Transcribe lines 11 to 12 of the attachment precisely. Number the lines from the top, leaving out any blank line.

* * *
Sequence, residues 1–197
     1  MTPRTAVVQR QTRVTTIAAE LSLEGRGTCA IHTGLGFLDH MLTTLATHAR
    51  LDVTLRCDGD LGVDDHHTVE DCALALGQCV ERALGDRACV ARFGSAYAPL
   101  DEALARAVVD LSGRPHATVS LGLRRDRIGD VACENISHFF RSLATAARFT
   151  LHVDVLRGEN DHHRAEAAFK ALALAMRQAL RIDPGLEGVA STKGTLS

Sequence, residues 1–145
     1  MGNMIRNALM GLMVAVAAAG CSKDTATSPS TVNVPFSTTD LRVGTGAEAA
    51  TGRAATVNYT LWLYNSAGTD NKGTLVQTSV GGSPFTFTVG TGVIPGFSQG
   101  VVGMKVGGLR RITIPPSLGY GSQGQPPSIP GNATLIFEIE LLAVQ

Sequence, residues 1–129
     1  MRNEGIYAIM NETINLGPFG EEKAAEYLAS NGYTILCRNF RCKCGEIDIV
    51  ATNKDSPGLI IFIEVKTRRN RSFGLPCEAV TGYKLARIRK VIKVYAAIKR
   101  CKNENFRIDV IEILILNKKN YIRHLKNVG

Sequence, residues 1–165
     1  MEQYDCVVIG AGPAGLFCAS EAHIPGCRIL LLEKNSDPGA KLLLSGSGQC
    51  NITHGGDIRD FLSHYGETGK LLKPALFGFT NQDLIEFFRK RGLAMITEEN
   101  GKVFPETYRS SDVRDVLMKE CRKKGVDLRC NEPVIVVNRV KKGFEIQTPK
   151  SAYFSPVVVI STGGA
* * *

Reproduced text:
     1  MRNEGIYAIM NETINLGPFG EEKAAEYLAS NGYTILCRNF RCKCGEIDIV
    51  ATNKDSPGLI IFIEVKTRRN RSFGLPCEAV TGYKLARIRK VIKVYAAIKR